Summer has arrived and the
Redefining Disability Awareness Challenge
Last time I wrote about my own life with technology:
When It Rains It Pours
This week I get personal, I guess.
Q: Are there ways that disability affects your self perception?
A: How do I perceive myself?
Disability definitely influences how I see myself. How could it not?
That’s the key word: “see”. How I see myself when I can not even see myself in a mirror.
I actually wrote a post about this topic last year:
where I wrote about how I see myself and the social norms of makeup, beauty, and fashion and my attempts to discover my own norms.
I held my grade eight graduation picture in my hands and stared at my face. I knew that a picture was simply a flat representation of what I was, that I was more than some one-dimensional image in a frame. I couldn’t quite believe that was what I looked like, photographed like though.
I could make out my broad smile and my relatively short haircut that framed my face.
I don’t know why, but I used to silently study the photo, often in my room. I don’t know what I was looking for exactly.
Perhaps I was simply vane.
Okay, maybe not, but I can’t quite describe what I was trying to accomplish by this act.
I remember snippets of what I look like. I have flashes, in my mind, to what I used to see when I would look in the mirror.
Mostly I did not see enough detail to pick myself apart, as so many women do. I saw my face and hair and shoulders in the reflective surface, in a bathroom somewhere, and I did not shy away at the Me looking back.
Women rip apart their physical selves so often and I am not immune to that, not entirely. I wish I were.
Merriam-Webster defines it as: “the idea you have about the kind of person you are”.
I know, logically and in my own heart, that I am a kind, generous, and friendly person. I know I am fun and can be funny from time to time.
Perceptions, however, they aren’t quite so logical I’m afraid. I wish they were because they are able to play tricks on me. These perceptions slip in and, before I know it, I am thinking things about myself that likely are just plain untruths.
Like my exaggerated perception that makeup would make me look like a clown, other strange and incorrect perceptions plague my thoughts.
Both self perception and self esteem are so intermingled. They involve the senses, mostly seeing for people. I go by my other senses to gage ideas about my own body and how I present my best self to the world.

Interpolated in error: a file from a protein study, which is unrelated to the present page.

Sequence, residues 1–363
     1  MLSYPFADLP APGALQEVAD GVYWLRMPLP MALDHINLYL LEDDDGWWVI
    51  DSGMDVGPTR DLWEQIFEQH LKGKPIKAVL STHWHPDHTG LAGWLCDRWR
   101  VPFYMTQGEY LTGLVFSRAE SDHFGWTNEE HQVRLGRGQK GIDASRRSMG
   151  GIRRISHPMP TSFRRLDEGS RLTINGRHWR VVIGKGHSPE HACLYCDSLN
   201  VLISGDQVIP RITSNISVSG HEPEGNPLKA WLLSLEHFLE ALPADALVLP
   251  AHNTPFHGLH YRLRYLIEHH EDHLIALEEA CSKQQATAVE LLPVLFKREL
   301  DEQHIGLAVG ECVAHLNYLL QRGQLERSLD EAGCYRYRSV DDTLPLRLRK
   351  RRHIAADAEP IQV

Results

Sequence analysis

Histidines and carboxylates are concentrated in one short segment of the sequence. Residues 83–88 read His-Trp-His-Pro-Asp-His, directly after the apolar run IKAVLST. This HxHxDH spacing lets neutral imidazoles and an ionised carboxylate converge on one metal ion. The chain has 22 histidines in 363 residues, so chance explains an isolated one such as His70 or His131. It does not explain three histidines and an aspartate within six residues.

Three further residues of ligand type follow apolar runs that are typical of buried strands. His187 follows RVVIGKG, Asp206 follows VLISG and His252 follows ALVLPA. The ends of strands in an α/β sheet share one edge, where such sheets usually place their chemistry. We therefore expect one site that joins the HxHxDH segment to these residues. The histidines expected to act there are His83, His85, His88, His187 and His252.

I trace the shape of my nose, my eyebrows, and my skin to look for acne, of which I am happy to be rid of for the most part. The skin that was once covered in bumps as a teenager is mostly smooth now.
I am left with other worries that have replaced the pimples of my youth. I wish I had less of one feature and more of another.
I hate having frizzy hair or rough nails.
How does my face compare to all those of the women who are populating the rest of the world, makeup included?
I could focus on my imperfections all day and it’s not like the mirror is going to help with that or hurt it. The scale would talk to me if I wanted it to, but the only mirror that ever spoke to me was the toy Beauty and the Beast mirror I once had.
Sometimes I think the two cancel each other out somehow, that I should be okay then, but the nagging self-image exaggerations bleed into the good personality traits I know I possess.
The negative brings down any positives I’ve managed to accumulate.
I’m left with doubts that anyone could stand the sight of me, the part they can see and I can not.
I feel my beating heart inside my chest, under my hand, and I know that the good person I am inside is in tact.
If only I could convince myself that I am normal in my outward appearance.
If I could stop the shame that has built up over years then maybe I could be sure my first impressions, of which I am at a constant disadvantage to other people who see. When I meet someone I am strongly aware of the upper hand they have over me, as I try to show what a confident person I am and learn as much as I can about them, other than the exterior things most of us fall back on.
Sometimes I feel I am invisible and the next second I am terrified of how much I stand out.
I don’t know where this all might lead me going forward. My future is as uncertain as anyone’s, but will any of this get easier with age and general wisdom?
I can only hope so, but the perceptions will always exist. What’s a girl to do?
May I make a suggestion?
The Redefining Disability Awareness Project on Facebook,
to help our little page grow.
Next week’s question:
Do you see disability as more of an asset or a drawback in your daily life?
Guess we’ll see how I’m feeling in a week.
Sometimes it depends on the day and my answer may change a dozen times between now and then.